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"It hurts me so bad, these young men killing each other," Gail Gainer, concerned and vigilant citizen of northwest Baltimore, said in this space a couple of weeks ago, after her son narrowly escaped a late-night street shooting. "What in the world is wrong with these guys? Why do they want to keep killing each other?"

Those were expressions of frustration, to be sure, because Ms. Gainer knows the answers to Baltimore's toughest and most enduring questions. She knows why it keeps happening because she's lived within earshot of the violence for years, and she's seen many young men come and go, caught in the cycle of drugs and trouble. She's familiar with their stories.

Still, many Sun readers responded to Ms. Gainer's questions. One of them was a middle school teacher named Cornell Dews.

But, unlike the rest, Mr. Dews, wasn't eager to share his own views. Instead, he wanted to know what his students would say.

Mr. Dews' students attend classes at the Children's Guild, an organization that has been in the good fight for more than half a century, caring for and trying to educate emotionally disturbed children. I'm always struck by the contrast between people who rattle off cynical and callous opinions about the city's social problems and those who actually do something about them. The men and women at the Children's Guild are probably too busy, usually, trying to help kids overcome disabilities, family dysfunction and poverty to write or call me.

But I'm glad Mr. Dews did.

Here's how some of his students answered their city's toughest questions: Why do young men keep killing each other? How do we get them to stop? (Mr. Dews provided only first names to protect the children's identities, two students asked that their first names not be used at all.)

Imani said: "It's because they have nobody to trust and wasn't given the love that they need. They weren't taught how to control their temper and more than likely have something going on in their family or with their friends, and they thinks it's OK to kill."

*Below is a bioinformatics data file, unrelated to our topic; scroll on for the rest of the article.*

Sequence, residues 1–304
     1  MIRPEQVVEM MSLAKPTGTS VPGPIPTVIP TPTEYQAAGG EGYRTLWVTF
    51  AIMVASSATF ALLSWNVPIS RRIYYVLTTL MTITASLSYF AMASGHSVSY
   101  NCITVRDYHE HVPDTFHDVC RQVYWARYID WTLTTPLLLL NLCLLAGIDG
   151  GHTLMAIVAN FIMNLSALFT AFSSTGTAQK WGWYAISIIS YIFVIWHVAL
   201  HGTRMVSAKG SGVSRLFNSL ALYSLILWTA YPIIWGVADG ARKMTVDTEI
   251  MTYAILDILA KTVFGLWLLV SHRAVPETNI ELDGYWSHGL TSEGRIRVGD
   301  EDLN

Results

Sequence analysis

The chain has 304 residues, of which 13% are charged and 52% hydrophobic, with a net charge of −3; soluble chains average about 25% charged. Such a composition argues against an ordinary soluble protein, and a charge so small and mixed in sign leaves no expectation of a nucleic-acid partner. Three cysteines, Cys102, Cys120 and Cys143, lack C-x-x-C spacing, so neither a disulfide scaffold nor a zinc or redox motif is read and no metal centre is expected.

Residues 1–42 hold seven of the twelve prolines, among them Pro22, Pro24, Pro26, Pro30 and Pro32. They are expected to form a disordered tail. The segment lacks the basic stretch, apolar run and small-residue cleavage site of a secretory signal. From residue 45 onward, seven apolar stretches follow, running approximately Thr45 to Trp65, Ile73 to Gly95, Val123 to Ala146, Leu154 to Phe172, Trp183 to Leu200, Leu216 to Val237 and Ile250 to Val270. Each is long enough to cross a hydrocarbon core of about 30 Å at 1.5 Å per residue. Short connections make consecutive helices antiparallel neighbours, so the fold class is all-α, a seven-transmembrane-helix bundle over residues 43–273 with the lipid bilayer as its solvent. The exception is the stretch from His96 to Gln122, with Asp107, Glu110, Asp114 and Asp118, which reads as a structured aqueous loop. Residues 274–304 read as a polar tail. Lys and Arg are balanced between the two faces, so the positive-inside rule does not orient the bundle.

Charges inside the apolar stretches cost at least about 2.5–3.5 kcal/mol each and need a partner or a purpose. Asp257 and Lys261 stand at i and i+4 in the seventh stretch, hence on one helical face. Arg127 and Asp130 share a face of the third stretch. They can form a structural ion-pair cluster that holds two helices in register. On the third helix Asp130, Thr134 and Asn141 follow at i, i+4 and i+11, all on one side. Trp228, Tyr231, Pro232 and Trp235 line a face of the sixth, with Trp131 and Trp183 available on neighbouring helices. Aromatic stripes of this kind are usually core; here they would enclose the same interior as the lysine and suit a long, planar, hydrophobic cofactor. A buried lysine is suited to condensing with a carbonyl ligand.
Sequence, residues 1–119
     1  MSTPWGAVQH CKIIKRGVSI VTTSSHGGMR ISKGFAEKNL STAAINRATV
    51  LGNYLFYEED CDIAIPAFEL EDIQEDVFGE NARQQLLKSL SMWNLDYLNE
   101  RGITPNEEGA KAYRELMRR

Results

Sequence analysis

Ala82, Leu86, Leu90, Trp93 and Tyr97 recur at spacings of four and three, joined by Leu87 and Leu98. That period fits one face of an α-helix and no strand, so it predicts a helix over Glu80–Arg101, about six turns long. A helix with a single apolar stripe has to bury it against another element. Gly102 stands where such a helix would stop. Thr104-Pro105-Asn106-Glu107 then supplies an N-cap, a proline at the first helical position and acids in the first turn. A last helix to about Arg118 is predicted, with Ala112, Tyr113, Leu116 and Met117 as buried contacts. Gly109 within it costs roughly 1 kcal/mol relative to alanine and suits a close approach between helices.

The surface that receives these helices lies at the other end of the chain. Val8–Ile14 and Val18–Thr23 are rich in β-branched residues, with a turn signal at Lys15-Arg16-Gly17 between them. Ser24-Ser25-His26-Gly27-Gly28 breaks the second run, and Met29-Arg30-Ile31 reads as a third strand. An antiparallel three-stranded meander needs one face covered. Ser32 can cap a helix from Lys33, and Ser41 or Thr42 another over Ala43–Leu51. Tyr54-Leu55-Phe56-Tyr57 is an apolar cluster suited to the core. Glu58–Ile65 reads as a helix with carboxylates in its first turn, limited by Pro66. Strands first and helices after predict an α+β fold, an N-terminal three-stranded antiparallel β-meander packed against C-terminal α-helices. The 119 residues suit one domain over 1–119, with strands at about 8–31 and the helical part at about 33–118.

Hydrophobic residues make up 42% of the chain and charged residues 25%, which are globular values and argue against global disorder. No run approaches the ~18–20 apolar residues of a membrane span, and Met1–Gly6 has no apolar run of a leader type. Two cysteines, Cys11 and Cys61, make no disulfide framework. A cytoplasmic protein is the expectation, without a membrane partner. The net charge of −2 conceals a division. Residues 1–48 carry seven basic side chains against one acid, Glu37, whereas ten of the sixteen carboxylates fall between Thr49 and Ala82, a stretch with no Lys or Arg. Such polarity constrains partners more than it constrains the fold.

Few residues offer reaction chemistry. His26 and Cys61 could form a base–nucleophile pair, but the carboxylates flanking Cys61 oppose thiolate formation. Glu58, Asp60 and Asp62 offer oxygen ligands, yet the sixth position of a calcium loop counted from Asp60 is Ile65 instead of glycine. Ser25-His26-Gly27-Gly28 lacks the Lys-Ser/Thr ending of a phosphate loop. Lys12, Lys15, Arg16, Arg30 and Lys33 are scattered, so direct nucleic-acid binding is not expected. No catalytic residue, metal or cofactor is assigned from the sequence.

Daquan: "They think that a gun or another weapon solves every problem. They think it's cool to take people's life away from them and just be mad that they don't have what other people have. They are trying to destroy us smart kids' spirit. They are trying to take us down, not to succeed. They do not want to see us successful, that's why they try to take our lives from us."

Keith: "They want to express themselves to people and it seems like they aren't getting the attention they need. ... We can open our school to them and maybe we can convince them to learn, and that will give them a reason not to kill each other."

Johnny: "The kids need to be given something to do positive, something that will make them feel better about themselves. They call young men like me at-risk, but we can change. We all have hope. Just believe in yourself. Just be like Dr. King and have a dream and accomplish it, for the better of mankind. ... And one thing that will keep them from killing is to show them that you care."

A 13-year-old boy said, "When they were growing up, all they saw was killings, shootings, crimes, and they also thought, 'If I don't do this, I will probably end up dead.' They have no way of expressing their feelings. This is because probably when they were young they had no shoulder to cry on."

A girl, also 13, added, "Maybe they get so upset and they don't know how to talk to somebody about what's going on with them and they just take it out on the world. Some people been through a lot, so they feel down in life and they feel like giving up on themselves. ... Some think killing is the answer, but that's not how you solve a problem. Some people are in gangs and some of them think it's cool to be in a gang, but it's not. ... Help them not to kill each other and talk to them about what can happen to them if they do kill someone, like going to jail for life. We want them to stop killing each other. We are all family in God's way."

Dan Rodricks' column appears Thursdays and Sundays in print and online, and Tuesdays online-only. He is host of the Midday talk show on WYPR-FM.

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